Bihute jail water project to start

Highlands, Normal

The National- Wednesday, January 12, 2011


GOROKA resident judge Justice Joseph Yagi has given the Goroka town authority seven days, as of last Friday, to prepare a proper engineering design to supply reliable water supply to Bihute jail outside Goroka.

The design, including scoping and costing of work relating to the installation of dedicated water supply pipe to the prison, should be forwarded to Correctional Services Commissioner Richard Sikani who, within 14 days, will take all reasonable steps to secure adequate funding for the project. 

Sikani was also ordered to fund the installation of three large T uffa tanks with associated plumbing works and pumps at the prison institute.

Yagi also ordered Eastern Highlands health advisor Ben Haili to monitor, inspect and file a report to the Goroka National Court by Jan 24. 

Also on Jan 24, Goroka town manager Yaunggao Uyassi, Sikani or his delegate, Bihute jail commander Francis Gahuye and Haili are to report to court to present evidence whether they had complied with the orders or not.

Bihute, located some 15km west of Goroka town, has been without water for the past five years and as a result, prisoners, prison staff and their families have been affected. 

In these five years, eight prisoners died as a result of the water crisis and provincial disease controller Jackson Apo confirmed that the prisoners died from diarhoeal diseases such as typhoid and dysentery.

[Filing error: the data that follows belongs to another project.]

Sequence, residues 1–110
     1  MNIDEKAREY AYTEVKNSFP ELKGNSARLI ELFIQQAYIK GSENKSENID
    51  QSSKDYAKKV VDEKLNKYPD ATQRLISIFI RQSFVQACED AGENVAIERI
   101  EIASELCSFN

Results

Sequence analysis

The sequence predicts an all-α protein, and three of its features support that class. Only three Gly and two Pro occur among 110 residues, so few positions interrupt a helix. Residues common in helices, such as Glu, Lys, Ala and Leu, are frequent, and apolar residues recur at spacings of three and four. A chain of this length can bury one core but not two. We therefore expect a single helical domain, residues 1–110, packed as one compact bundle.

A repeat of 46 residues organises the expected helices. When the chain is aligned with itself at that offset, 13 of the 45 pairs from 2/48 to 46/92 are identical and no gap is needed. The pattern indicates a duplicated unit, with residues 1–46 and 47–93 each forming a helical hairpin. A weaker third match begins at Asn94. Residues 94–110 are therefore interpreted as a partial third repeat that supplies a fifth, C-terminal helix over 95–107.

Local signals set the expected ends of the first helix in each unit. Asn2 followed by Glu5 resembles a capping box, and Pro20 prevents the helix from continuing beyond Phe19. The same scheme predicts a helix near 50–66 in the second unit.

A prison officer said relatives of the deceased could sue the state simply because their right to proper water was denied.    

It was said that women and young girls were harrassed and raped while searching for water.

One young girl died when she drowned in the Asaro River where she and her mother had gone to do laundry. Other warders’ families also use the river for laundry.

According to John Marme, a CS Officer at Bihute, these  rapes and the death would not have occurred if there had been proper water supply. 

Marme blamed the town authority for their suffering saying they did not do their duty.

He described warders’ families lining up in long queues to fetch water from any available nearby creeks as those scenes from African countries like Somalia and Ethiopia.  

Since the costs of such scope of work in installing a separate water pipe from West Goroka to Bihute would cost a lot of money and that the CS recurrent budget allocation would not cater for projects involving huge costs, the judge also directed the Finance secretary to make available 

funds on or before Jan 21for the project.